Both Shepherd’s Pie and Cottage Pie are two iconic British dishes, packed with meat, veggies, and a whole lot of flavor.
Either make a wonderful choice for lunch and dinner, being relatively easy and cheap to make.
While they are very similar, there are a few important differences between Cottage Pie and Shepherd's Pie.
It can be difficult to decide which one to cook or even which one to order at a restaurant.
Personally, I love making both of these pies - they make great family dishes.
That’s why I have decided to write this article, in hopes that once you know how to tell these delicious pies apart, you will be blessing your family with them too. I have also included my favorite Cottage Pie recipe.
- Cottage Pie uses ground beef, whereas Shepherds Pie uses lamb.
- Cottage Pie came around in 1791, and it was considered a “poor man's dinner.”
- Shepherd’s Pie has always used mashed potatoes as a topping, whereas traditionally, Cottage Pie used sliced potatoes.
Cottage Pie: a Summary
What came first, the cottage or the shepherd?
Well, the Cottage Savory Pie was invented before Shepherd’s Pie, dating back to 1791.
Potatoes were very affordable back then; even poor families could use them for a cheap dinner .
These poor families usually lived in cottages, and as the dish traditionally uses sliced potato as a topping (resembling the roof of a cottage), this is how the pie obtained its name.
“My childhood favorite is mum's Shepherd's Pie, Yorkshire pudding, and roasted potatoes. It's because of her that I discovered my love for cooking.”
- Gordon Ramsay, Chef
Along with the potatoes (now usually mashed potatoes), Cottage Pie was also filled with whatever ingredients they could find - carrots, peas, onions, celery, sweetcorn, etc.
Since it was considered a “poor man's food”, it was important to make it as hearty as possible.
Shepherd's Pie: a Summary
Shepherd’s Pie has been said to originate from Ireland, even though it’s known these days as a very British dish.
It became a thing almost 80 years after the Cottage Pie, in 1870 .
Compared to the Cottage Pie, Shepherd’s Pie was a much more upmarket version, using ground lamb or mutton instead of beef.
This is how it obtained its name since shepherds would eat it after attending to their sheep.
Differences Between Cottage Pie & Shepherd's Pie
If you consider the appearance of both Cottage Pie and Shepherd's Pie, they may be impossible to tell apart these days.
However, traditionally, Cottage Pie used sliced potato instead of mashed potato, so it was easier to distinguish.
People tend to believe that the only real difference is the meat, but there is more to it than that.
Here’s what’s to know about the difference between Shepherd’s Pie and Cottage Pie:
The main difference between both pies is the meat. A traditional Shepherd’s Pie uses lamb, whereas a Cottage Pie uses beef.
While the Shepherd Pie has remained the same, Cottage Pie can be made with a meat mixture such as beef, pork, turkey, or chicken.
Basically, any leftover meat you can find.
There’s quite a debate when it comes to what goes along with the meat filling (other than onions, of course.)
Some people swear by both peas and carrots, and some say it’s either one or the other.
Something we should all be able to agree on is that there should be no sweetcorn in Shepard's Pie.
But, all that depends on your personal taste.
Since these meat pies use two different types of meat - minced beef and lamb mince - you’ll want to use two different types of gravy.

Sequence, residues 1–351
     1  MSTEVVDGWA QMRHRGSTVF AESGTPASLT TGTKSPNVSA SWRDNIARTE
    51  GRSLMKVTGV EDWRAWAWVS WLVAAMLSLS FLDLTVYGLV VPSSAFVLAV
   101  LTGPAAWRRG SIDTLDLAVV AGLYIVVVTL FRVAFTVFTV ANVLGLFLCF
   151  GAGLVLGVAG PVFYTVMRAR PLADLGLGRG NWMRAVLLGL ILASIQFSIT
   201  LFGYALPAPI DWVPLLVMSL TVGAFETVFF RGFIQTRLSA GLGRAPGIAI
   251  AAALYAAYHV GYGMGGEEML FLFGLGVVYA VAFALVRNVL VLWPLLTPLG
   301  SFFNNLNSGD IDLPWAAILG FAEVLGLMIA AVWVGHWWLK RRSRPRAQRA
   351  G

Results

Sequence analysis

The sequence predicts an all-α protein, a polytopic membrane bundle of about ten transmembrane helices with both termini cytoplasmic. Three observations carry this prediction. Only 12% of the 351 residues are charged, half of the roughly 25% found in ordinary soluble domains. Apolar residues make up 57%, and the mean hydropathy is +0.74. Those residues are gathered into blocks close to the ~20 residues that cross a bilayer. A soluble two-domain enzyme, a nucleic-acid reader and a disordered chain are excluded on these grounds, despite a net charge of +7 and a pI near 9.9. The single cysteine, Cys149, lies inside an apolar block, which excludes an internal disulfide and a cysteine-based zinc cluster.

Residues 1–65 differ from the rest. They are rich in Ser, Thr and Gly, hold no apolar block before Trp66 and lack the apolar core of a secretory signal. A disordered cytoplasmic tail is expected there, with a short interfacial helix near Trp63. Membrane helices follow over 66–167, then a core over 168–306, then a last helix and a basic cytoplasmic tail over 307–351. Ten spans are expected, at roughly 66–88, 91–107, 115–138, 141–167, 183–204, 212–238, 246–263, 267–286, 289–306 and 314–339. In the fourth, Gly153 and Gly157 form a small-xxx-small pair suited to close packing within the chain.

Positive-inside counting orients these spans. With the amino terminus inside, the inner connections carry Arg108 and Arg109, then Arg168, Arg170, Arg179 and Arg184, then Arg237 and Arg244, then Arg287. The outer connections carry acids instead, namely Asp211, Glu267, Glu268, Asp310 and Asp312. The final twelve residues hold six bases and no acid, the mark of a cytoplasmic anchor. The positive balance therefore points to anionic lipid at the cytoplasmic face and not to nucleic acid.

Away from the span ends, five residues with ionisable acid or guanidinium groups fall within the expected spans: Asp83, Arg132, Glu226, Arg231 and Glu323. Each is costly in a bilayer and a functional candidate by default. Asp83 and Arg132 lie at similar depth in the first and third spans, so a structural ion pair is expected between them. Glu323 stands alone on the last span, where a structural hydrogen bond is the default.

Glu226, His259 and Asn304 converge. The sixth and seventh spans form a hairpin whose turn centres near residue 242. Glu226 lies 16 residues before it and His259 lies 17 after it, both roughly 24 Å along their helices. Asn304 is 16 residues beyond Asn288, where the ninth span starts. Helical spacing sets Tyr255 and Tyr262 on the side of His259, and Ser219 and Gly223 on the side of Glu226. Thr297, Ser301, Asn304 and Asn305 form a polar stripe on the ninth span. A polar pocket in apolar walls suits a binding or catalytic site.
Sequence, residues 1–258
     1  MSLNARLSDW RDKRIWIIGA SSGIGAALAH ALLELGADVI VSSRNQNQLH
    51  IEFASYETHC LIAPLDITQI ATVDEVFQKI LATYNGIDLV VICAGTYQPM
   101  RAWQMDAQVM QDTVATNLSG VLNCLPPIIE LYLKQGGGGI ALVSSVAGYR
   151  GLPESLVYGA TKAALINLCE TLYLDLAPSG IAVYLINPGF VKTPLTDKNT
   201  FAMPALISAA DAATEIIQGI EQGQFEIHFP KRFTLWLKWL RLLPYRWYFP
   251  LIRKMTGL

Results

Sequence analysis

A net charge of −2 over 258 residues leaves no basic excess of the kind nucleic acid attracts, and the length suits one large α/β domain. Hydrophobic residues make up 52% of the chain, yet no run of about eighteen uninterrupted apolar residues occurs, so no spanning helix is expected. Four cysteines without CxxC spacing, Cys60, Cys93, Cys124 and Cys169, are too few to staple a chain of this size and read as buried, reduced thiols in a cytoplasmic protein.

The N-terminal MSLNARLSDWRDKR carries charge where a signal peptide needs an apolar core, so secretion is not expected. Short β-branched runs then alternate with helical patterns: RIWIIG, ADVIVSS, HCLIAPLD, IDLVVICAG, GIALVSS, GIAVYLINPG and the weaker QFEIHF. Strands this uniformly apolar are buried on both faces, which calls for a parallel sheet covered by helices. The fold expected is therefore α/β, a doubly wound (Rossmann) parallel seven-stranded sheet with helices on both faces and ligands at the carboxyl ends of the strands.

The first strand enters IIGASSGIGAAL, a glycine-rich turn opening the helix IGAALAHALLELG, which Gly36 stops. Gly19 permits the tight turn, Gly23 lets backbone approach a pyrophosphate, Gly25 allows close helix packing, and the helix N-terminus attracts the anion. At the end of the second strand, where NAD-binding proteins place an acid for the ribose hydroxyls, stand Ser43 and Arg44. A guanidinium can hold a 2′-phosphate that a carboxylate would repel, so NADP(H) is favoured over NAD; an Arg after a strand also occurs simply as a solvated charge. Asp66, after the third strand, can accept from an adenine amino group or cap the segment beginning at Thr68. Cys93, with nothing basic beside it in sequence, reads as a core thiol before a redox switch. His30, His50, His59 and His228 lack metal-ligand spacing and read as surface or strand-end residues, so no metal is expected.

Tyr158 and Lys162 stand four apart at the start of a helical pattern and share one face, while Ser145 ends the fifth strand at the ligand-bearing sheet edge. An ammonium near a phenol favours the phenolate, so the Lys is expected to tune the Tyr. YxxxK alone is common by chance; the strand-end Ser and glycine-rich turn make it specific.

Lamb gravy is typically used for Shepherd’s Pie, and beef gravy is used for Cottage Pie.
Shepherd’s Pie has always been known to use mashed potato topping.
These days, Cottage Pie also typically uses mashed potatoes; however, they traditionally used layered potato slices.
Easy Cottage Pie Recipe
Here’s my absolute favorite Cottage Pie Recipe. It takes only 55 minutes to prepare, and you can even use leftover mashed potatoes to make the whole process much easier.
- 2 pounds of minced meat (ground beef or pork)
- 1 large onion
- 1 cup of chopped carrots
- 5 cloves of minced garlic
- 1 cup of corn
- 1 cup of frozen peas
- 1 and a ½ cups of beef stock
- ¼ cup of tomato paste
- 3 tablespoons of Worcestershire sauce
- 2 tablespoons of dijon mustard
- 1 tablespoon of cornstarch
- 2 teaspoons of dried thyme
- 4-5 cups of mashed potatoes (russet potatoes)
- 1 cup of shredded cheddar cheese
- Preheat the oven to 400°F.
- Grab a cast-iron skillet and place it over medium heat, adding the ground meat with salt and pepper (if you’re making the meat-free version, you can use Quorn.) Break the beef into small pieces with a wooden spoon and cook until browned.
- Once fully cooked, move around the side of the skillet. Add in the vegetables, except the peas. Cook for 5 minutes until the onions and carrots are fork-tender.
- Add in the peas, beef broth, mustard, cornstarch, tomato paste, Worcestershire sauce, and thyme. Mix the whole dish well and add salt and pepper if needed.
- Transfer the beef into a greased baking dish, and scoop the potatoes over the simple meat mixture (add more potatoes if needed.)
- Cook for 20-30 minutes until the potato crust is golden and the filling is bubbling.
- Let sit for 5-10 minutes.
- To make the mashed potatoes, boil the potatoes until tender. Drain and use a potato masher with 1 tablespoon of butter and ¼ cup of milk. Add salt and pepper to taste.
- To freeze cottage pie, double wrap the meat pie in plastic wrap and store in the freezer for up to 2 months.
Are Shepherd’s Pie and Cottage Pie the Same?
To put it simply, no. Shepherd’s Pie and Cottage Pie use different meats, and traditionally, different types of potatoes.
They both have their own history and origins; however, they are pretty similar dishes these days.
So who wins this pie vs pie debate? Well, that all depends on if you prefer lamb or beef.
To confuse you even more, Cumberland Pie also goes hand in hand with the two, but we’ll leave that for another day.